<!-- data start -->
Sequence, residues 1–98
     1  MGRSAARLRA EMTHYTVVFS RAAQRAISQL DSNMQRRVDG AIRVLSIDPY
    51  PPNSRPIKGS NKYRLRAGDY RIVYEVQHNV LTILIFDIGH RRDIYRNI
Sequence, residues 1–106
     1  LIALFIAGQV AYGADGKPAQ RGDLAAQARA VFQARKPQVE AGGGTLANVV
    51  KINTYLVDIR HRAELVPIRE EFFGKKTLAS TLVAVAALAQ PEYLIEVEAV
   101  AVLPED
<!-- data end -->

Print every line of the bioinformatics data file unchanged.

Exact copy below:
Sequence, residues 1–98
     1  MGRSAARLRA EMTHYTVVFS RAAQRAISQL DSNMQRRVDG AIRVLSIDPY
    51  PPNSRPIKGS NKYRLRAGDY RIVYEVQHNV LTILIFDIGH RRDIYRNI
Sequence, residues 1–106
     1  LIALFIAGQV AYGADGKPAQ RGDLAAQARA VFQARKPQVE AGGGTLANVV
    51  KINTYLVDIR HRAELVPIRE EFFGKKTLAS TLVAVAALAQ PEYLIEVEAV
   101  AVLPED